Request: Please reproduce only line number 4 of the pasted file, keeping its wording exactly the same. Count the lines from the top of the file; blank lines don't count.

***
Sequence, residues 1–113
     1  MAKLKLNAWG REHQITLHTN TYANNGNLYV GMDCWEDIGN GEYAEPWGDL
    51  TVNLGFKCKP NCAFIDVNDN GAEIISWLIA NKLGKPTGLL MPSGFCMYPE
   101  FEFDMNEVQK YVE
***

   101  FEFDMNEVQK YVE